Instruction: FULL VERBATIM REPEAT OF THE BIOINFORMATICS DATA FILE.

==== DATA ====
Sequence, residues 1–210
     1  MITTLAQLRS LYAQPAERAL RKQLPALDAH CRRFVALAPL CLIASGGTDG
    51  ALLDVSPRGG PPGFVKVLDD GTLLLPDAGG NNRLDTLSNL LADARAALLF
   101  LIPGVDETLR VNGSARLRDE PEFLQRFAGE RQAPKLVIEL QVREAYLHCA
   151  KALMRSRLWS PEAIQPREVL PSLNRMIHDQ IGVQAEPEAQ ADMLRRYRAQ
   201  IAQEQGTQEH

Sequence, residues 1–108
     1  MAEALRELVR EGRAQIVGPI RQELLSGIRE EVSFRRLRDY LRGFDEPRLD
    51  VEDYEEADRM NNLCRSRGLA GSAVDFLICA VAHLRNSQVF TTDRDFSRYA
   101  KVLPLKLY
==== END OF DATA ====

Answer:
Sequence, residues 1–210
     1  MITTLAQLRS LYAQPAERAL RKQLPALDAH CRRFVALAPL CLIASGGTDG
    51  ALLDVSPRGG PPGFVKVLDD GTLLLPDAGG NNRLDTLSNL LADARAALLF
   101  LIPGVDETLR VNGSARLRDE PEFLQRFAGE RQAPKLVIEL QVREAYLHCA
   151  KALMRSRLWS PEAIQPREVL PSLNRMIHDQ IGVQAEPEAQ ADMLRRYRAQ
   201  IAQEQGTQEH

Sequence, residues 1–108
     1  MAEALRELVR EGRAQIVGPI RQELLSGIRE EVSFRRLRDY LRGFDEPRLD
    51  VEDYEEADRM NNLCRSRGLA GSAVDFLICA VAHLRNSQVF TTDRDFSRYA
   101  KVLPLKLY